Master’s in Nonprofit Management vs. Public Administration

Industry Advice Management Public Health & Public Policy

There are more than 1.5 million nonprofits in the United States, according to the National Center for Charitable Statistics. Of those surveyed by Nonprofit HR, 60 percent rated talent acquisition as a top priority in 2020, including recruiting and hiring diverse talent.

The nonprofit sector’s growth has created a need for professionals with strong leadership, managerial, and interpersonal skills. But finding the talent to meet that demand is one of the biggest problems facing nonprofits today.

Northeastern offers two master’s degree programs designed to create the next generation of nonprofit leaders: Master of Public Administration (MPA) and Master of Science in Nonprofit Management. How do you know which degree is the right fit, or what questions you should ask before applying? Lori Ashline, assistant teaching professor in the nonprofit management program, and Thomas Vicino, associate dean and former director of the MPA program, share their advice.


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What is Nonprofit Management?

Nonprofit management is a field that focuses on the day-to-day operations and long-term development of nonprofit and not-for-profit organizations. 

Organizations within the nonprofit sector, such as not-for-profit universities, hospitals, charities, non-governmental organizations (NGOs), and religious organizations, need skilled leaders to help them fulfill their missions. While key business and managerial skills are essential in such roles, professionals in this field must also be keenly aware of the nonprofit sector’s unique challenges and regulations.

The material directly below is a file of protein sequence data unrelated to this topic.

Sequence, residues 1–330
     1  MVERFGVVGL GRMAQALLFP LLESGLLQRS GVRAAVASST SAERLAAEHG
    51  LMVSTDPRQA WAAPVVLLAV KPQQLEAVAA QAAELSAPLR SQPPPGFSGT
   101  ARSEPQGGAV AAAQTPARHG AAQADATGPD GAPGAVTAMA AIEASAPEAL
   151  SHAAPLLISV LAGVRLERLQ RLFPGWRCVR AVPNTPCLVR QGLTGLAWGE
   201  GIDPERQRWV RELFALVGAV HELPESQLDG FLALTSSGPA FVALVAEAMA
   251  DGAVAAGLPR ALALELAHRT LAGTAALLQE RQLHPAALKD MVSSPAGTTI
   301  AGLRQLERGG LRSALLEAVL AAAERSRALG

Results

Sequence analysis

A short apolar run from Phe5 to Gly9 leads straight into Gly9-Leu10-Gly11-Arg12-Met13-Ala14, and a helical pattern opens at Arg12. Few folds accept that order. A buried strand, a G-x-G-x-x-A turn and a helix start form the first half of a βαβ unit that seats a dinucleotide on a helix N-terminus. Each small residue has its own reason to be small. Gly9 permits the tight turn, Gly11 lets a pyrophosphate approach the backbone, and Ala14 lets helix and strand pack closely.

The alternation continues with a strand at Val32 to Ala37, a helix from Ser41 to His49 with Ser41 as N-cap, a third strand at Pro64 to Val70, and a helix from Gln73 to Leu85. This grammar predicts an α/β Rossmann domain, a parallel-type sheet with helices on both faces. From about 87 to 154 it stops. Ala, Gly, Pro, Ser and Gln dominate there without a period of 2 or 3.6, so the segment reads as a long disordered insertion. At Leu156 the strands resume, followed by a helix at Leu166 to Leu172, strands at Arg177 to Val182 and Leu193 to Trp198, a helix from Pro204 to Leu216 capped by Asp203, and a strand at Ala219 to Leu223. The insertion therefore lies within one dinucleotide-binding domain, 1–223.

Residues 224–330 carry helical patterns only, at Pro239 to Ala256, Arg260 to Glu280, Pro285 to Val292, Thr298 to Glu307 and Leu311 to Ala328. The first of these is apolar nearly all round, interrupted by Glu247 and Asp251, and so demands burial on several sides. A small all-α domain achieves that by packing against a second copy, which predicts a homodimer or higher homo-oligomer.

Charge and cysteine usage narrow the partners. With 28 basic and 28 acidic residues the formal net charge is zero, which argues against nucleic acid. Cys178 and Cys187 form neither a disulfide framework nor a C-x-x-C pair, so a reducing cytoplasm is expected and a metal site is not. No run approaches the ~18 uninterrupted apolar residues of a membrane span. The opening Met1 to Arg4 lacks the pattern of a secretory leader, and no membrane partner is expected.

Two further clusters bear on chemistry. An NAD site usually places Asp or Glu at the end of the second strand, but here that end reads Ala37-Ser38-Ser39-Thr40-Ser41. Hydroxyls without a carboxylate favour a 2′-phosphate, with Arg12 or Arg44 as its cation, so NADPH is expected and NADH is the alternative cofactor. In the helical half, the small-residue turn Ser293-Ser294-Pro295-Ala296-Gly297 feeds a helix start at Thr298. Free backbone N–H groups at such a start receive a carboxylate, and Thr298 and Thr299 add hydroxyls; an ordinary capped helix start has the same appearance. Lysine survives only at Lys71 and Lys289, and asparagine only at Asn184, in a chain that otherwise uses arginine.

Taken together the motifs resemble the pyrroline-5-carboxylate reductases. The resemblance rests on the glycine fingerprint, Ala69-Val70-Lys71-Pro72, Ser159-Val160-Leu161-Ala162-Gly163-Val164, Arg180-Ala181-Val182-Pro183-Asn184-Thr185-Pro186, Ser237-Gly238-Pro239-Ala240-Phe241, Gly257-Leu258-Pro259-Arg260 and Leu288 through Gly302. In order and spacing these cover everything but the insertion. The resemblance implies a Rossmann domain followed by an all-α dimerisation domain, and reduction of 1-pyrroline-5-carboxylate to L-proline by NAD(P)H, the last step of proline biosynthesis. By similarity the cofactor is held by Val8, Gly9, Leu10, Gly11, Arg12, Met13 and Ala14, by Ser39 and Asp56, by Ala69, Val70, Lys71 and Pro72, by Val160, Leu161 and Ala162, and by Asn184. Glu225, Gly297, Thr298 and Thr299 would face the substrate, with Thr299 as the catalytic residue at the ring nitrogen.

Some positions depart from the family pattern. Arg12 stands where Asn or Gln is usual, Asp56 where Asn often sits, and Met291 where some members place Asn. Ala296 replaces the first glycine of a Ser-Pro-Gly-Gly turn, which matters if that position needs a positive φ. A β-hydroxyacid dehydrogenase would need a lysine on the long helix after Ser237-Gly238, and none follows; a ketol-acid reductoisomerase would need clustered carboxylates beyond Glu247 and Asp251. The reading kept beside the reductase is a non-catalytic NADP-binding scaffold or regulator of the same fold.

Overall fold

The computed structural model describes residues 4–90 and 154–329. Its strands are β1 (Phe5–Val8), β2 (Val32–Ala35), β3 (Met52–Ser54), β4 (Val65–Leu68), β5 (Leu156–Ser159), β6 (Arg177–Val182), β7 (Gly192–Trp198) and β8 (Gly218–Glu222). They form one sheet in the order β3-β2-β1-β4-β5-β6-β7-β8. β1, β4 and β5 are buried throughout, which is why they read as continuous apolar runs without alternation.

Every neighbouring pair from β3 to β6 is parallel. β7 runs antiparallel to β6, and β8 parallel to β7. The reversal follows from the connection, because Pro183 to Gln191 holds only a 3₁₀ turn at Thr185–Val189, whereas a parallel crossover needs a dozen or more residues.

What can you do with a master’s in nonprofit management?

If you’re passionate about making a difference by taking on a leadership role at a nonprofit organization, earning a master’s degree in nonprofit management could be the right path for you.

Students who enroll in a nonprofit management program often begin by taking courses covering the various marketing, legal and governance, and fundraising and development issues facing the nonprofit sector. At Northeastern, students then zero in on a particular area by choosing from one of seven concentrations: Global Studies; Human Services; Leadership; Organizational Communication; Project Management; Social Media and Online Communities; and Sports and Social Change.

The program’s alumni work in various departments within nonprofit organizations, including marketing, fundraising, finance, grant writing, and program delivery. Some of the most common job titles for those with a master’s in nonprofit management include:

  • Executive Director
  • Chief Executive Officer
  • Financial Manager
  • Program Director

“Many of my students work in the nonprofit field and want to advance their careers to leadership and managerial positions,” Ashline says. “Some students are career changers, not familiar with the restrictions, accountability, and legal issues in the nonprofit field, and others who want to run their own nonprofits.”

What is Public Administration?